I've been playing as mostly stealth/martial arts, but I've found several instances where I've had to resort to gunfighting.

I suppose if you were looking to being totally stealthy those areas that have those wide open spaces would be a bit off-putting given the lack of alternate paths.

I guess I don't have a problem with it because I never expected to be able to stealth every level, but I can see where that kind of choice might bug others.

Edited by Amentep, 14 June 2010 - 09:16 AM.


#50
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No, because a) magic exists in the world of BG so it makes sense and b) combat in BG is so abstracted that it doesn't really matter. BG's engine does not allow you to hide and sneak around enemies' line of sight. AP's does.

It isn't magic. It's a skill. Like Chain Shot (which is impossible to do IRL).
While I don't recall BG's specific "Hide in Shadows" routine (never bothered too much with rogues and stuff) I am pretty sure it was indeed still possible. One common tactic heard about fighting Basilisks in BG1 was parking a rogue to see them (in their FoV), then attack then with AoE spells from beyond their LoS.
Also, KOTOR completely allows one to become invisible, and that's without the use of the "Force" (read: Magic). Guess that's a horrible RPG too, even if combat is completely stat-based?

#51
Amentep

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For the IE games, "Hide in Shadows" became a total abstraction of what the intent was in the P&P version. In the P&P game you actually needed shadows, for example, to hide in. Not standing in the middle of Kuldahar. At noon.

In some respect, what we see in AP is an abstraction as well in terms of all aspects of the game. I guess the question is whether the abstraction works for the player - which in Dan's case it doesn't.

Edited by Amentep, 14 June 2010 - 11:22 AM.


#52
C2B

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Well "A wizard did it" itsn't really far from "SCIENCE" (Commenting on the magic remark)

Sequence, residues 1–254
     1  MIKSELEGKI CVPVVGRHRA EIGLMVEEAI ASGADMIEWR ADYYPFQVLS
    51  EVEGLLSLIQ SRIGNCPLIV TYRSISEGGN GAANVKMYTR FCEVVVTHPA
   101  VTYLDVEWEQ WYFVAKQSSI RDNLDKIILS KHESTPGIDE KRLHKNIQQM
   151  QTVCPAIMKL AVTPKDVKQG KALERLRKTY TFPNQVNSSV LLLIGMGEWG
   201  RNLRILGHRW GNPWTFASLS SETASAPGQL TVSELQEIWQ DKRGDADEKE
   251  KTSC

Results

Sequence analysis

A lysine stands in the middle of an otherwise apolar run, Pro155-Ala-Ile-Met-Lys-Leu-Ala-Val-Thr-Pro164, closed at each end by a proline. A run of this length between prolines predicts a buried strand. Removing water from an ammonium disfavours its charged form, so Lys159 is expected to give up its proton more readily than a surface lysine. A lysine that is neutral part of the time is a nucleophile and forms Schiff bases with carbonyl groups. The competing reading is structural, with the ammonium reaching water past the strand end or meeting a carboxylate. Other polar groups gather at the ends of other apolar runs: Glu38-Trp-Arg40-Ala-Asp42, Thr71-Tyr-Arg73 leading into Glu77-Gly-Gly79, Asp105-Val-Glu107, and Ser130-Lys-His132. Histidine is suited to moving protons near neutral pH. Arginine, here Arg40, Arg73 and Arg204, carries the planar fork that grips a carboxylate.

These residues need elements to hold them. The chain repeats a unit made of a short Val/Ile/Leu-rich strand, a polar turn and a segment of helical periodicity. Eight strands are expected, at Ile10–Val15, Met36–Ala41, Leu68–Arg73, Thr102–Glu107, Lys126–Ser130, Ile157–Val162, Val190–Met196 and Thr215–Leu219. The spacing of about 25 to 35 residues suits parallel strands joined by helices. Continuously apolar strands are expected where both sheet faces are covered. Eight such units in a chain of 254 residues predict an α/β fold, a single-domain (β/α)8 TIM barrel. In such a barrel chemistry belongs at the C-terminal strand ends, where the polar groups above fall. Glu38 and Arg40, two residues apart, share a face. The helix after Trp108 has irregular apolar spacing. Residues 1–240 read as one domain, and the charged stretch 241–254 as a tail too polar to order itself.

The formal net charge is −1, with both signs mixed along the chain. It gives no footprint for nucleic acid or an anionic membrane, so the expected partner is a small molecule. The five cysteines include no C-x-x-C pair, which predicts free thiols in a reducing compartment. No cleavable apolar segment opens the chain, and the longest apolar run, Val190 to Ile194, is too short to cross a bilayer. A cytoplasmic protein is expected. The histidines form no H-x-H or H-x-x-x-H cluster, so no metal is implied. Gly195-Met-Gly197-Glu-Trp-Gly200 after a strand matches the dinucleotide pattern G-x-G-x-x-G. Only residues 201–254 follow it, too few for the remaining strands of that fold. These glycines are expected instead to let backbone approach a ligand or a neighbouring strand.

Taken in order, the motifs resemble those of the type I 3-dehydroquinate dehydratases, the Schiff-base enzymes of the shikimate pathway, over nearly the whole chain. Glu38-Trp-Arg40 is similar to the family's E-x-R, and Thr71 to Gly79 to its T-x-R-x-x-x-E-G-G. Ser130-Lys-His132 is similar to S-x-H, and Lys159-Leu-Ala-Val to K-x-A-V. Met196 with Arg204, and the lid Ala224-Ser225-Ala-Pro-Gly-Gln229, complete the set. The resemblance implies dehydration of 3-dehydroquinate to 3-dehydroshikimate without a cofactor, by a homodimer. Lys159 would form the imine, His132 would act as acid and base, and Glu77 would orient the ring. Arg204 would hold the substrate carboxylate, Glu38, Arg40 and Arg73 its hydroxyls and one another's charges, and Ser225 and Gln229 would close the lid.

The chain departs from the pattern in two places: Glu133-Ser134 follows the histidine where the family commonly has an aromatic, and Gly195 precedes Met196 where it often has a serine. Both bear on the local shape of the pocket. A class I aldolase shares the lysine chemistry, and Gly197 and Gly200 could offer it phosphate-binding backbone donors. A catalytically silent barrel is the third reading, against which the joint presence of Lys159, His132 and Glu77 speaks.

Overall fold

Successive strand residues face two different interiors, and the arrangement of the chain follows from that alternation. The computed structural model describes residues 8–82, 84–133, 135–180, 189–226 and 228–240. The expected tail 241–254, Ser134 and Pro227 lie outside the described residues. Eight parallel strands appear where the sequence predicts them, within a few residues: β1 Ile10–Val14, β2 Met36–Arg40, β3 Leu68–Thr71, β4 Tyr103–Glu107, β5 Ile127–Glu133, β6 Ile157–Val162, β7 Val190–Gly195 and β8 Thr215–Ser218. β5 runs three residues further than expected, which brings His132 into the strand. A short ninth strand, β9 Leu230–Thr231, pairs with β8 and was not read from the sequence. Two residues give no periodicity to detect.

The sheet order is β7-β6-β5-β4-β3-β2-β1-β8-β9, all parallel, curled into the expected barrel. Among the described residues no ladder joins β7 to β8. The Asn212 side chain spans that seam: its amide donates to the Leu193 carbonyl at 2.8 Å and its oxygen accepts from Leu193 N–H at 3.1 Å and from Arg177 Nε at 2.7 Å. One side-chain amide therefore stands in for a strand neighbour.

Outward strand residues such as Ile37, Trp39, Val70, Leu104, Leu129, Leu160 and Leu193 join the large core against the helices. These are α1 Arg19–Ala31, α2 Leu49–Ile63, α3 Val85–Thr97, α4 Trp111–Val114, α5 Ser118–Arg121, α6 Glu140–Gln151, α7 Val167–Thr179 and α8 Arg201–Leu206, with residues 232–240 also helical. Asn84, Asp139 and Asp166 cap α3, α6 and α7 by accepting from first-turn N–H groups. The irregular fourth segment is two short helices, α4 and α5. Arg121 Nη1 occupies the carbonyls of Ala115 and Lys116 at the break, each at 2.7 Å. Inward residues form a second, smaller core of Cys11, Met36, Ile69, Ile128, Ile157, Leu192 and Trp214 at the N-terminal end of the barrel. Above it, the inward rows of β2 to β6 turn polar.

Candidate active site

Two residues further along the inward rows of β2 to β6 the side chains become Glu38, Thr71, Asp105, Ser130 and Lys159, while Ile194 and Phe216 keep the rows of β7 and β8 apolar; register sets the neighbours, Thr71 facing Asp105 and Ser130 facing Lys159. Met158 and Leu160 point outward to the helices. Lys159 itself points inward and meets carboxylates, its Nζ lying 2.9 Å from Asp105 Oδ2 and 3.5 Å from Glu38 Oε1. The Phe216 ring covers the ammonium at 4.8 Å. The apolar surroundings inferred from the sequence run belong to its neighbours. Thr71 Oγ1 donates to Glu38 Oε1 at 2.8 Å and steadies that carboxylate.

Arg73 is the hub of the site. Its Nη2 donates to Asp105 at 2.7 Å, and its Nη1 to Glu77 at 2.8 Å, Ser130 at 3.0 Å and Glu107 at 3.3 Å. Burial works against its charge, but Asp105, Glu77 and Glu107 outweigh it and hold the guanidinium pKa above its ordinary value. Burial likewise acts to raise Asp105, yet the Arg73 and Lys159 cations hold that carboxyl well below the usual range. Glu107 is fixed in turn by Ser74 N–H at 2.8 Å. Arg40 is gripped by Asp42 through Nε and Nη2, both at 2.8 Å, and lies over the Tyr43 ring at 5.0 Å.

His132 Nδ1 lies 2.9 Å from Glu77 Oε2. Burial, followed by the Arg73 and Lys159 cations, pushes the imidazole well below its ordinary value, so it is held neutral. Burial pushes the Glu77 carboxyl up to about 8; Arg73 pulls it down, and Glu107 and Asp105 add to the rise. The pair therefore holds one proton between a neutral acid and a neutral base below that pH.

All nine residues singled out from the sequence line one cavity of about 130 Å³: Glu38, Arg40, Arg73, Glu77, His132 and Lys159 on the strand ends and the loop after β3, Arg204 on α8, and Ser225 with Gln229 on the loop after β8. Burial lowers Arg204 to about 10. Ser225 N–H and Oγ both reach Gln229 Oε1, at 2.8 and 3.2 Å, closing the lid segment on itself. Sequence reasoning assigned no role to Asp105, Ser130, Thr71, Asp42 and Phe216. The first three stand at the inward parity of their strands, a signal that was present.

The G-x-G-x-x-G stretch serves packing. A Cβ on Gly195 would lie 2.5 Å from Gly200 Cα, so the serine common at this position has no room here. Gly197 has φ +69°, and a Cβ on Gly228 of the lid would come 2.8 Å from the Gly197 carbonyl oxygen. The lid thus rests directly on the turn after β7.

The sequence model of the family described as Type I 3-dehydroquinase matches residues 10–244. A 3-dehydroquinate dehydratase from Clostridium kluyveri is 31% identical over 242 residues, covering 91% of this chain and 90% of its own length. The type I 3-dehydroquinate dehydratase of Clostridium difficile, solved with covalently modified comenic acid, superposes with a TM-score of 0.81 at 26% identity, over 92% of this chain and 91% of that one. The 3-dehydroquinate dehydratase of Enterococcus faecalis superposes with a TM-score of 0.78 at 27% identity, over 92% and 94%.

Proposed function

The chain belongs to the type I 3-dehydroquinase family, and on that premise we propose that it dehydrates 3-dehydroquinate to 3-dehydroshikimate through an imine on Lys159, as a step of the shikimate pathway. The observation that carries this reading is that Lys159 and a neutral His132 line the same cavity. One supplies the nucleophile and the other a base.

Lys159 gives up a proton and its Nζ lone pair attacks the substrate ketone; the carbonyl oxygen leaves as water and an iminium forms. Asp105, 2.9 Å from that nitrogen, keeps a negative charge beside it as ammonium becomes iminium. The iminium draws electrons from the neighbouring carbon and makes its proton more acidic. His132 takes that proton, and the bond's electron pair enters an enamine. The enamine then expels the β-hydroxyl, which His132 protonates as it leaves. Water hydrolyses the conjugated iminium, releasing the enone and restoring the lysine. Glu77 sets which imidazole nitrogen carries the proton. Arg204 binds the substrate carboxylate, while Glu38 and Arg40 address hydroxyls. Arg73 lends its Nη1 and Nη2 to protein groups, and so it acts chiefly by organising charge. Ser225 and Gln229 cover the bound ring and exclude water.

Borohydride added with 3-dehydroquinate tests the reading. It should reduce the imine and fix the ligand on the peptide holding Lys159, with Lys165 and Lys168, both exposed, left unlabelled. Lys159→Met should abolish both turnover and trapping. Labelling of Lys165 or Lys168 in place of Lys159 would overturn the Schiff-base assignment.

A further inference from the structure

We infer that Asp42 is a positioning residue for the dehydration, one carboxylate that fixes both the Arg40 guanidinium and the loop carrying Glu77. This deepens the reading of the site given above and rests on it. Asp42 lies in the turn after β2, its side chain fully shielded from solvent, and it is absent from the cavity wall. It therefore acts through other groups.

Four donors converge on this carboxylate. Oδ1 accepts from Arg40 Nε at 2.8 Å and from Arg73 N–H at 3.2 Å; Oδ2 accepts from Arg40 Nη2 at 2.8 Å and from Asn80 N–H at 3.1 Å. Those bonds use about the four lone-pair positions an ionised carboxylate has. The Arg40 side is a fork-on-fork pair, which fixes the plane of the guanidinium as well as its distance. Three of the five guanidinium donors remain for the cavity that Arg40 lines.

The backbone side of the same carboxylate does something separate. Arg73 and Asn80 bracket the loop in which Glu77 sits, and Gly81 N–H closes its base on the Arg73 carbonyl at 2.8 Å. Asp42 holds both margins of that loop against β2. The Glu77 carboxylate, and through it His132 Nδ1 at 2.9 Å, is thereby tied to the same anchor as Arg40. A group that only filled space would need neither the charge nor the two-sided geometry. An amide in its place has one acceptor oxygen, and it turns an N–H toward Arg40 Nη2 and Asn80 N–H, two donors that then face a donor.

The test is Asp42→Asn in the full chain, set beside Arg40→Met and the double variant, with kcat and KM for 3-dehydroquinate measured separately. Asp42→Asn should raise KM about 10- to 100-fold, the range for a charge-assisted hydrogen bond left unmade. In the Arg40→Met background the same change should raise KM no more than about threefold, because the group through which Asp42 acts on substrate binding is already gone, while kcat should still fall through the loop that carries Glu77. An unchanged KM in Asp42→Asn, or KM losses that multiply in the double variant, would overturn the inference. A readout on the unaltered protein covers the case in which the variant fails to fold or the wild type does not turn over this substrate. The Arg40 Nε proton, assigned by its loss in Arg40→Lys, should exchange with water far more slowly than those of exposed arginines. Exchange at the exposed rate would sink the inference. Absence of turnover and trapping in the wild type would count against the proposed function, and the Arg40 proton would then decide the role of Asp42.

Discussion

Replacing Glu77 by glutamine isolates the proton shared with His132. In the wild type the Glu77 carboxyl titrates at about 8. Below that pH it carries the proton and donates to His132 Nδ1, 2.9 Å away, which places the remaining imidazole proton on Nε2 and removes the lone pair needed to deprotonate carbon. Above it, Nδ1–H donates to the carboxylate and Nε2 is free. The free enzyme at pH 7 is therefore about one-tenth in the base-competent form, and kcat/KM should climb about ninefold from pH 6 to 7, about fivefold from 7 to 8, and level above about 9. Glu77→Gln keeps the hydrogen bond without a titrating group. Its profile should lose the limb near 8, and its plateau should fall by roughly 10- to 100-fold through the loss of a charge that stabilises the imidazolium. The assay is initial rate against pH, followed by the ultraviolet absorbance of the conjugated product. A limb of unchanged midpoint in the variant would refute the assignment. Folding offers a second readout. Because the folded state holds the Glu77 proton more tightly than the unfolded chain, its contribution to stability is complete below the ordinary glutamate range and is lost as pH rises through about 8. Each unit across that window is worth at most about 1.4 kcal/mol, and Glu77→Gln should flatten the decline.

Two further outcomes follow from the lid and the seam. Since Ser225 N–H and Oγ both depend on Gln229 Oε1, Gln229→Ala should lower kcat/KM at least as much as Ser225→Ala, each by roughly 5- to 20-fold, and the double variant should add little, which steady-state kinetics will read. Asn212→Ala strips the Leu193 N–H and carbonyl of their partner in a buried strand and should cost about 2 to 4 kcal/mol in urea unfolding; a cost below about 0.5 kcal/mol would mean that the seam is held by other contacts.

Just because something can be explained with an element from a contunity doesn't mean that it always makes sense in said contuinty. See Hassans post about Kotor II

All the weasels gonna say.

Edited by C2B, 14 June 2010 - 11:23 AM.


#53
Amentep

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Well "A wizard did it" itsn't really far from "SCIENCE" (Commenting on the magic remark)


Clarke's Law! :lol:

I actually don't think this would be an issue (and for me its not an issue) if there was something in Thorton's suit that allowed the camouflage skill to work.

I think though - and its a fair complaint - a guy suddenly being invisible based on his own skills just because he's skilled could be seen as a bit much. This is where I think you can only really counter by saying that the game was designed so that each path could be seen as valid. Just as run-and-gunners would be upset if the game was a corridor crawl full of sneaking, the stealthers would be upset if there was no way to get past melee points. An "invisibility" skill allows the stealther to keep the game moving within their game style. And if, understanding this, the player still feels it "breaks" the game, well that's all there is at that point.

#54
C2B

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Well "A wizard did it" itsn't really far from "SCIENCE" (Commenting on the magic remark)


Clarke's Law! :lol:

I actually don't think this would be an issue (and for me its not an issue) if there was something in Thorton's suit that allowed the camouflage skill to work.